Rubin also admitted that VR has suffered from not having a ‘killer app’
‘I can’t say for sure that this year’s line-up is going to have VR’s World of Warcraft or GTA, but with every new release, and with every new discovery, VR gets closer to finding its killer app,’ he said.
It comes amid an ongoing legal row over Oculus.
Video game publisher ZeniMax Media, which earlier this month won a $500 million verdict against Facebook‘s Oculus virtual reality unit for unauthorized copying of computer code, has asked a federal judge to block Oculus from using the code in its products.
The injunction could limit the number of games available for sale for Oculus’ Rift VR headset.
Such a move would be a blow to a product still in its infancy and on which Facebook has made a big bet for the future.
The jury in federal court in Dallas found Oculus, which Facebook acquired for about $2 billion in 2014, used ZeniMax’s computer code to launch the Rift virtual-reality headset.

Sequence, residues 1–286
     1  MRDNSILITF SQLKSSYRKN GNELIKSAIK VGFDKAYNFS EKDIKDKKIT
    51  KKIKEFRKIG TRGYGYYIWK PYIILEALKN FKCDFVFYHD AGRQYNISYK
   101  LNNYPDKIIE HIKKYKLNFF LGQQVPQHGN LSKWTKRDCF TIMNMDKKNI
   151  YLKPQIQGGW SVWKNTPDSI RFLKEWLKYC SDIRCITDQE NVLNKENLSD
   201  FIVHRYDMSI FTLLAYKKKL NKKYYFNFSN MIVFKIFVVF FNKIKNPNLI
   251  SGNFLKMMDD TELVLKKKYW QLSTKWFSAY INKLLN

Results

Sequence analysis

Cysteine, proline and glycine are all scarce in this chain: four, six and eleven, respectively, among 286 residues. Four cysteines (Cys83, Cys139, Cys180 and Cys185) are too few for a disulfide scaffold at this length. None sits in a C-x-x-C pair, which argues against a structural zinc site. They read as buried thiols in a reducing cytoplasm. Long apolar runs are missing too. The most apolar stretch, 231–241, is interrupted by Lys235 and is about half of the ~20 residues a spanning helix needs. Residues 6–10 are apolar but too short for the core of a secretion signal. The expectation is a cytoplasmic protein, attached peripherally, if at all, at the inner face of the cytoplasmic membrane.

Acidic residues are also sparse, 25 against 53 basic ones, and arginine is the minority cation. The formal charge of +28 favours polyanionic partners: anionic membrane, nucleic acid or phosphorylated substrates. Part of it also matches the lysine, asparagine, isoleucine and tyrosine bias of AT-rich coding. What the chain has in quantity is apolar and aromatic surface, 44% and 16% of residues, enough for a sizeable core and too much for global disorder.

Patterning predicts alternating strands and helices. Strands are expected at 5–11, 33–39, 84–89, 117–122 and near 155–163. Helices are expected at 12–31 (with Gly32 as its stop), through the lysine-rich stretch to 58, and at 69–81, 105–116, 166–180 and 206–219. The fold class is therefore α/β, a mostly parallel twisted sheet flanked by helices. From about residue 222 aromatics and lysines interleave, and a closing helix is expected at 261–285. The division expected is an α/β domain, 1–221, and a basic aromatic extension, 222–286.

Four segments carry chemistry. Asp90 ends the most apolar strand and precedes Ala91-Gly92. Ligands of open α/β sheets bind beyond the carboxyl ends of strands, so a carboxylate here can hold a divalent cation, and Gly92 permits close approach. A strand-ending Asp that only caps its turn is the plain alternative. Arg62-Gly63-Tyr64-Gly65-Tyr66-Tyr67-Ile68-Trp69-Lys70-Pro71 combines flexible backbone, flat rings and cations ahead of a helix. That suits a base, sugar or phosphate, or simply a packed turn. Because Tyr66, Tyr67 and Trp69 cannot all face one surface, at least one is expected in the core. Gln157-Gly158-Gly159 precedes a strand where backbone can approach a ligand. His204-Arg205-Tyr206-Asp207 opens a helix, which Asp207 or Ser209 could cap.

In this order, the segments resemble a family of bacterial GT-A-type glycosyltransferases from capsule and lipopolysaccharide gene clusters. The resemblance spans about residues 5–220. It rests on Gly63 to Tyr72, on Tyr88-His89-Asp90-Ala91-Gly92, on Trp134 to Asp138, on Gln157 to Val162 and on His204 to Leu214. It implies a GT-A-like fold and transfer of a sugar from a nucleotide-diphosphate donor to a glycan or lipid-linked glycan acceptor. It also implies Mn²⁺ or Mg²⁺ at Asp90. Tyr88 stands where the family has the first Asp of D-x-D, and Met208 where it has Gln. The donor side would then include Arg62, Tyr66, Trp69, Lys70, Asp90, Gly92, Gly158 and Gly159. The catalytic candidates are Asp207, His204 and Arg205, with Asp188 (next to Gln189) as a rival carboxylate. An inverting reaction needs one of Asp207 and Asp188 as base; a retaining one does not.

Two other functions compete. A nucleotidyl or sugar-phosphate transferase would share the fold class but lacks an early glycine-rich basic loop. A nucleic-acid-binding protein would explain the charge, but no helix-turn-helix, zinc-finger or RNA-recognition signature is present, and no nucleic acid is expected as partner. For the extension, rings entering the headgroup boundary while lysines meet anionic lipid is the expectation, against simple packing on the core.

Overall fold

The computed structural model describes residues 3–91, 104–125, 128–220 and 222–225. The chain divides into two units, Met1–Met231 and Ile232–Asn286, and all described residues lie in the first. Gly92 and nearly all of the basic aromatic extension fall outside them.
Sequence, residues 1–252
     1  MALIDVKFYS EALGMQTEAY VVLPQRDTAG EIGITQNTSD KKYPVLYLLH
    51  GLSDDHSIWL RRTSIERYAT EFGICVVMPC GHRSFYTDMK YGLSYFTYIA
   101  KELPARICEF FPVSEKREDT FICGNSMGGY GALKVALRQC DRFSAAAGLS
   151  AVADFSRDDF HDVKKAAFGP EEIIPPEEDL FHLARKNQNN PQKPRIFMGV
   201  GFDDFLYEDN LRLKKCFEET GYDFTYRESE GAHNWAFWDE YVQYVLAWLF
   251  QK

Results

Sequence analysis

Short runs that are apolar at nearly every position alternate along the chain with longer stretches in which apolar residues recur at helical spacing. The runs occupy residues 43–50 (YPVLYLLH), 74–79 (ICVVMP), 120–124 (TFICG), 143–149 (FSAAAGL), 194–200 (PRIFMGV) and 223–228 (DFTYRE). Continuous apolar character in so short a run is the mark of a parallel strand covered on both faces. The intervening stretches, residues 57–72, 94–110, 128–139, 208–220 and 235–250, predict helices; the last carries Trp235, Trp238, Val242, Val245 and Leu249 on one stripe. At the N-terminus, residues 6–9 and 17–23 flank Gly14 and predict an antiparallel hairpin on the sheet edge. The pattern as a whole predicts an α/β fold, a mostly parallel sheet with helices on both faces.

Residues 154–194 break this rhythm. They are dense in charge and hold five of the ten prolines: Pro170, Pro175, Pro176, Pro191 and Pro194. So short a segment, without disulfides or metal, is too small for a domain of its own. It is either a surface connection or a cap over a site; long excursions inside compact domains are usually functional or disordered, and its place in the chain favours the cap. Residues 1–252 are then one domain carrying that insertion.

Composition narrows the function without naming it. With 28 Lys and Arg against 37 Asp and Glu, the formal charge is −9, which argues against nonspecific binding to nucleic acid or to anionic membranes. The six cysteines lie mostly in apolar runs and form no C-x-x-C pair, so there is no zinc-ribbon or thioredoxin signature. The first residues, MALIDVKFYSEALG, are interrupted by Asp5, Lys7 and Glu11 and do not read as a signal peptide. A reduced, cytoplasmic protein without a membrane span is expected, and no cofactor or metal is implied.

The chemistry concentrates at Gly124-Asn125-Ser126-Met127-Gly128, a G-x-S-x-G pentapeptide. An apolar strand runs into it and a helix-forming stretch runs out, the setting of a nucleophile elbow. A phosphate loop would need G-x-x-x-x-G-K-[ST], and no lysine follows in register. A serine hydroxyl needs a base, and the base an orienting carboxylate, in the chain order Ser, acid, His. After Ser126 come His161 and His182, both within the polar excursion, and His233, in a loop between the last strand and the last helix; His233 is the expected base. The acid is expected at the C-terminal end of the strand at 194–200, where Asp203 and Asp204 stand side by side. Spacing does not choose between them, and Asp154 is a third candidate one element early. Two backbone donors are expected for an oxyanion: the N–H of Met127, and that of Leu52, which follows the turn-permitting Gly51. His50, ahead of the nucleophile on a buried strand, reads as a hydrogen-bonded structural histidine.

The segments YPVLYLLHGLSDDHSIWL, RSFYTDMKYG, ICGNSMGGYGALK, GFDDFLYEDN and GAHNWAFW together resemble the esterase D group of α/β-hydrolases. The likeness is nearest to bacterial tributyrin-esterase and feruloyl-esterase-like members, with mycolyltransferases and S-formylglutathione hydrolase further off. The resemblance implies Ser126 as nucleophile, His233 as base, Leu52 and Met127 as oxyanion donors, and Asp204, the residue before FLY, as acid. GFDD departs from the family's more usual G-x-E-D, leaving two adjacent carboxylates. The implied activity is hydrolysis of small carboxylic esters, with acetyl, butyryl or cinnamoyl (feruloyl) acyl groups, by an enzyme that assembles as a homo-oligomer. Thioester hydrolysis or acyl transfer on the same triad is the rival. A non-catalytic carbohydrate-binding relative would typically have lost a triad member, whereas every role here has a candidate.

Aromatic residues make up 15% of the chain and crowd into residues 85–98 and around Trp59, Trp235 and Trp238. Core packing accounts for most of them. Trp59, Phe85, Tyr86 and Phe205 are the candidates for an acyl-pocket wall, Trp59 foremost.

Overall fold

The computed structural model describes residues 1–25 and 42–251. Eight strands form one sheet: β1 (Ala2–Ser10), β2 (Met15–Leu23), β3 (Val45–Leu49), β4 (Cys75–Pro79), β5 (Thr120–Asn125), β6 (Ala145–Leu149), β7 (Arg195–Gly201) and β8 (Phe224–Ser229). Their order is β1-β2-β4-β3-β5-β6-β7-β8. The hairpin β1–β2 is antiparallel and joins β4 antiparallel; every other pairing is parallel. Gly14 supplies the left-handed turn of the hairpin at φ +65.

ZeniMax made its request in papers filed on Thursday in federal court in Dallas.
It was the same court where jurors on Feb. 1 issued the verdict against Oculus and its founders Palmer Luckey and Brendan Iribe.
Oculus has already made the disputed code available to companies that develop games, and it is embedded in many of the games available for use on the Rift, as well as Samsung’s Gear VR, a smartphone-compatible device developed through a partnership with Oculus.
Earlier this month a Texas jury ordered Facebook, its virtual reality unit Oculus, and other defendants to pay a combined $500 million to ZeniMax Media Inc., a video game publisher.
The jury awarded the sum after determining that Oculus executives violated a ZeniMax non-disclosure agreement in the early days of building the Oculus Rift VR headset.